24 terms

Biogeomorphology

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Naylor et al., 2002
Bioprotection, bioconstruction, bioerosion
Gowell et al., 2015
Rock-protecting seaweed in intertidal zones
Corenblit et al., 2008
'Ecosystem engineers'
Okin et al., 2013
Large scale vegetation change = global production of dust
Abrahams et al., 2005
Vegetation changes cause increased runoff and erosion by decreasing resistance to overland flow.
Wolfe & Nickling, 1993
Gaps between vegetation are affected by increased shear stress therefore increased erosion
Bailey, 2011
CA model to explore spatial/temporal dynamics of vegetation cover
Suter-Burri et al., 2013
Redistribution of entrained sediment in grass canopies with coloured sand.
Sed mass flux and PM10 conc decreasing with increasing canopy density.
Grass also causes erosion through mvt at the base
Zhang et al., 2011
Development of fertile islands in Steppe Deserts in Inner Mongolia, through sediment being trapped by bushes.
Wagenbrenner et al., 2013
Impacts of fire: stable land turns to dust source
Chepil & Woodruff, 1963
Can affect speeds in the boundary displacement of Z0
Reid et al., 1999
Runoff: short continguous plots versus one long plot. 310mm-90mm
Ludwig et al., 2005
Patches catch water, improve vegetation, interpatches = runoff
Whitford, 1998
Goanna-pit +ve feedback: act as traps for seeds which germinate
Eldridge & Kwok, 2008
Burrowing habits are different among species, habitats and communities depending on which scale the disturbances are examined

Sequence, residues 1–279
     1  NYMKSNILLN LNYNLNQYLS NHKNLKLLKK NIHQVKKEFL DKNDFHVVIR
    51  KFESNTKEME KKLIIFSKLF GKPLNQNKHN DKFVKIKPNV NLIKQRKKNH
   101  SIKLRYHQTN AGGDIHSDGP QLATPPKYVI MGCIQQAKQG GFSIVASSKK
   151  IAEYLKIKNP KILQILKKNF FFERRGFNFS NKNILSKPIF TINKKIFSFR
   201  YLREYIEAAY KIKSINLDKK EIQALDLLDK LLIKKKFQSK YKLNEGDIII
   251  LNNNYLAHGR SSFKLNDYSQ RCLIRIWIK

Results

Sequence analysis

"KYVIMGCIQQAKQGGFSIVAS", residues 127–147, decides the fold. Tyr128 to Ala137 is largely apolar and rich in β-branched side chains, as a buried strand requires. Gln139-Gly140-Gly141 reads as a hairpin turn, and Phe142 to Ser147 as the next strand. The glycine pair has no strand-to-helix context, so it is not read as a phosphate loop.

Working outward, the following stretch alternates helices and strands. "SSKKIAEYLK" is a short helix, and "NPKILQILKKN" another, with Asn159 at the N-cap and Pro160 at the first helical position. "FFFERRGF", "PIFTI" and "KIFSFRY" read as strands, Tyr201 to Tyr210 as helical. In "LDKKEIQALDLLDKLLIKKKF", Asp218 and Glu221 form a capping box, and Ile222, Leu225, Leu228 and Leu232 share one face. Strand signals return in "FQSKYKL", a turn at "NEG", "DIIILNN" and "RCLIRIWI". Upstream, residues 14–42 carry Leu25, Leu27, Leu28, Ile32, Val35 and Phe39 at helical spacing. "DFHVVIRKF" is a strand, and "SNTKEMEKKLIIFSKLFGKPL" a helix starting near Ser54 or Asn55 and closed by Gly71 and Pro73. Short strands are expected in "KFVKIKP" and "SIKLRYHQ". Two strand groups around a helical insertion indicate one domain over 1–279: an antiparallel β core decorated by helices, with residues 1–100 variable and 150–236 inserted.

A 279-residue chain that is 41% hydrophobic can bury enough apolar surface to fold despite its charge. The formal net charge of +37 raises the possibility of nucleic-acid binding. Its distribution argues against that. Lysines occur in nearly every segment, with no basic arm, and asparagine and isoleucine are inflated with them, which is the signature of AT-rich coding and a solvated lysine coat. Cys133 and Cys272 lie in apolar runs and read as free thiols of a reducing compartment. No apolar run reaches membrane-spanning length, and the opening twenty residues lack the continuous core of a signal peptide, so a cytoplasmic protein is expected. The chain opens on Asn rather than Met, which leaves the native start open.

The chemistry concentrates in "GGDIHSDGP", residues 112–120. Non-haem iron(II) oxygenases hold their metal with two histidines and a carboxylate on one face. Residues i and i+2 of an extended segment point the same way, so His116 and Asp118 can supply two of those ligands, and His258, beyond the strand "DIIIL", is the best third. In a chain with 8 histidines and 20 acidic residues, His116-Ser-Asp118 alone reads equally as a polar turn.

Eldridge et al., 2012
Small mammals create voids and depressions that trap organic matter.
Estimate up to 3t/ha soil removal for med-sized vertebrates in E Austr and 7.2t/ha for heteromyid rodents in Chihuahuan Desert
Gabet et al., 2014
Mima mound construction - built by gophers.
Largest amount of soil moved by a mammal relative to body weight.
Rare eg of evolutionary coupling
Chamizo et al., 2015
Crusts are strong and penetration resistant depending on conditions
Viles, 2008
Crusts provide the link between a/biotic
Williams et al., 2012
Crusts are formed in different ways - stabilisation, mineral deposition, wetting and drying.
Crusts trap water and provide a source of nutrients to the surface
Belnap & Gilette, 1998
Crusts have their own microclimates, can change surface stability, hydrology etc.
Lalley & Viles, 2006
Crusts are sensitive to human disturbance - take 10s/100s of years to repair
Lalley & Viles, 2008
Community of moss/lichen making up the crust changes after disturbance
Zhang et al., 2006
Influence of microbiotic crusts on wind erosion in the Garbantunggut Desert, NW China
Threshold friction velocity for 10% disturbance with wind speed 16.04m/s